Mass organizing conference on 10/15 to launch ward action groups across the city of Minneapolis
Over decades, working people in the U.S. and in Minneapolis have seen a decline in living standards. Communities of color and women are disproportionately impacted by low-paying jobs, the foreclosure crisis and attacks on public education. Nationwide, women fill two-thirds of low-wage jobs. Workplace relations are impacted by union busting and anti-union laws sweeping the country. This is why working people are building movements at the national, statewide and city level to change this dynamic and improve living and working conditions for all workers.
By organizing independently and waging large, public demonstrations, low-wage workers have won an earned safe and sick time policy and public support for a $15/hr minimum wage. Workers have shown that the public clearly supports proposals that build power for working people and achieve racial, gender and economic equity.
Due to this pressure, the city’s process now includes the Workplace Advisory Committee (WAC). The WAC is tasked with overseeing the implementation of the sick time policy approved earlier this year, and it will likely be tasked with recommending and overseeing implementation of a minimum wage proposal, following the city’s staff directive from August. The strength of the sick time implementation will set a standard for Minneapolis’ workplace regulations.
While organizing with the movement in the streets, I am applying to the WAC to unapologetically stand up for workers’ interests. I am applying to be a voice of movements in the city’s process of evaluating workplace policies. I bring my own experience as a low-wage, tipped worker and as an activist for economic, racial and gender justice to the table. But I will continue organizing a grassroots movement, because that is what it will take to win.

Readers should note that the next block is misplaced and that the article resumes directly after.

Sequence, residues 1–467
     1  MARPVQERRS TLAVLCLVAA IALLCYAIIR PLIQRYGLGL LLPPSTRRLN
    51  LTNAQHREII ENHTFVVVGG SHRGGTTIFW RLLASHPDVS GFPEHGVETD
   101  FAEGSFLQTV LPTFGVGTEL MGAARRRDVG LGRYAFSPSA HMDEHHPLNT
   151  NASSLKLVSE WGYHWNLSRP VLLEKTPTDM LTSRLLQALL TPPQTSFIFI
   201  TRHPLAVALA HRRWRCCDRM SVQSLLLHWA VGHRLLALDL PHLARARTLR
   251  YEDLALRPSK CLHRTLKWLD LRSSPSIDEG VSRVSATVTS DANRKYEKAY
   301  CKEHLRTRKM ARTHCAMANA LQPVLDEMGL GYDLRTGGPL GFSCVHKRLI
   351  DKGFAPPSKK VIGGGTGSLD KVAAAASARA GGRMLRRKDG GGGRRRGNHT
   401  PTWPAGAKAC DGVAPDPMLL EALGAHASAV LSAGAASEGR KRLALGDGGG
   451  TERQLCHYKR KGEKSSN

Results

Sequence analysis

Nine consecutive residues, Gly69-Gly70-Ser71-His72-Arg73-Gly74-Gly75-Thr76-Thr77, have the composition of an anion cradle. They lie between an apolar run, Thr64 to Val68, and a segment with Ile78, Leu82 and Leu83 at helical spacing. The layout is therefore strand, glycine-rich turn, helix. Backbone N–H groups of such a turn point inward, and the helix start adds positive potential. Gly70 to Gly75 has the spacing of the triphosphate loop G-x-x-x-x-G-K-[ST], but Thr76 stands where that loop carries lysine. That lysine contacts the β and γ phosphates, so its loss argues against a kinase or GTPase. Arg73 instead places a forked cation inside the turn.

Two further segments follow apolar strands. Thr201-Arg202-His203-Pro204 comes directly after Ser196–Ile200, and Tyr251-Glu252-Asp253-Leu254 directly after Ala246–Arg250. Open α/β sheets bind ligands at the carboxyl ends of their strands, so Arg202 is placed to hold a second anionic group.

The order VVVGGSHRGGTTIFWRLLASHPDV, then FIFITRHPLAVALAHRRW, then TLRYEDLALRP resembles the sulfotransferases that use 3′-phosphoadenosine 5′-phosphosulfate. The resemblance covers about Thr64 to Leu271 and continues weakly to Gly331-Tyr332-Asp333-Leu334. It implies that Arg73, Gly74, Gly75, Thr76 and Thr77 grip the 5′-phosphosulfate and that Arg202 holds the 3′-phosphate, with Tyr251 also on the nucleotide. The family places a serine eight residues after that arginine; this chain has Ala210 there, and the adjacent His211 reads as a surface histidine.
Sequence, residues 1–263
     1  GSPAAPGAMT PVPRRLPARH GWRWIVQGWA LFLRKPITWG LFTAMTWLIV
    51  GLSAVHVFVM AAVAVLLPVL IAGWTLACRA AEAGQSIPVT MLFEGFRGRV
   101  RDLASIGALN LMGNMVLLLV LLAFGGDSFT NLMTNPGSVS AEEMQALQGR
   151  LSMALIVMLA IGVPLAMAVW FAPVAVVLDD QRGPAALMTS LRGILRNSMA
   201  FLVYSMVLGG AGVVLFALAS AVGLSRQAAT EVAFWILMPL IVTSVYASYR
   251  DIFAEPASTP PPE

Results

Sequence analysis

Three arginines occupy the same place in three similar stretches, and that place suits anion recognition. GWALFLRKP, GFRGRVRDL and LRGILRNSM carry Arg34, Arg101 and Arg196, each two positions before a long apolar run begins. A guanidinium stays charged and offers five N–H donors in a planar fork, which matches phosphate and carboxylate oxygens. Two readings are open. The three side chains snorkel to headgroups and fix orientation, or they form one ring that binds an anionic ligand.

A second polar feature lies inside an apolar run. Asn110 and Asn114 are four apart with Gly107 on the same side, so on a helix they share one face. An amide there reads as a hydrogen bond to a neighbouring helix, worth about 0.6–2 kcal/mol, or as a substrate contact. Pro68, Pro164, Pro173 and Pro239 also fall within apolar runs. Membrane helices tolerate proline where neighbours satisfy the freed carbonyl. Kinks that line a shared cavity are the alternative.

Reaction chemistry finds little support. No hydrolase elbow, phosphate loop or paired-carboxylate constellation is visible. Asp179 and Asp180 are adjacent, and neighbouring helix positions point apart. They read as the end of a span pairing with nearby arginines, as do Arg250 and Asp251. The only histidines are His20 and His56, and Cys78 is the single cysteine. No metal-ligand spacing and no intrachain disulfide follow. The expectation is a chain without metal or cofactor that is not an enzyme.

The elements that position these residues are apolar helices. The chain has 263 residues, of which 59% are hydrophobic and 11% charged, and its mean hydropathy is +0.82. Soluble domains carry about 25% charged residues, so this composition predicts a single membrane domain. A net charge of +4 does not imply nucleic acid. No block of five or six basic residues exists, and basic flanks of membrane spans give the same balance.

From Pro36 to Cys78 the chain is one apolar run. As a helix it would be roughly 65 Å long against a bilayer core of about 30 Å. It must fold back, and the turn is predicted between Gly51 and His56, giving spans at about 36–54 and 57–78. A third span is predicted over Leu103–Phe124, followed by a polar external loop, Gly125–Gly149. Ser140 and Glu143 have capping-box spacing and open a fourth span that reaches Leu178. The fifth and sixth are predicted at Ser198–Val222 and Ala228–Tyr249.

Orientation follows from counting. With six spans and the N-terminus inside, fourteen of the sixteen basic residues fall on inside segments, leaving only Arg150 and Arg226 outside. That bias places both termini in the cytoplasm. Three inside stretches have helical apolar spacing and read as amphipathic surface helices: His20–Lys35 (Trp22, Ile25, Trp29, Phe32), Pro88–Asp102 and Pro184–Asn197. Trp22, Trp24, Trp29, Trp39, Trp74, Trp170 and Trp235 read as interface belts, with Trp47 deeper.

Many small businesses are squeezed by the power of big business. While corporations often hide behind a corner shop in their opposition towards, for example, raising the minimum wage, the needs of small businesses and their workers are rarely addressed. When I helped create a policy proposal for the charter amendment, we engaged low-wage workers, labor, and small businesses, to create a proposal that 68% of Minneapolis supports -- a proposal without carve-outs, getting all workers to $15/hour by 2022.
We should be clear that committees like the WAC have deep contradictions. The needs of low-wage workers are at odds with the profit motives of Minnesota’s largest corporations. This is why I would step onto the committee, from the perspective of movement building. I’m excited to participate in any discussion, anywhere, about minimum wage. But our fundamental leverage is the collective power of working people. After all, it’s no coincidence that this committee is being formed in the wake of two years of unprecedented worker organizing in this city.
Minneapolis must lead the region by raising the minimum wage to $15/hour, ensuring the implementation of the state’s first sick time policy, pursuing initiatives to improve workplace safety, preventing wage theft and developing new ways to create racial and gender equity in the workplace.
15 Now Minnesota is working with a coalition of labor, faith and community organizations to continue growing an independent movement of workers and ordinary people and build workers’ power. I invite you to join us - become a sustaining member of 15 Now Minnesota with a small monthly donation, and sign up today to join your ward group to build the campaign for $15/hour in Minneapolis.
Below you’ll find my answers to the application the city process requested.
Executive Director of 15 Now Minnesota
Describe your background related to any required or desirable qualification listed in the Notice. Include applicable experience with civic, professional or volunteer organizations and other city boards or commissions. List any awards or special recognition: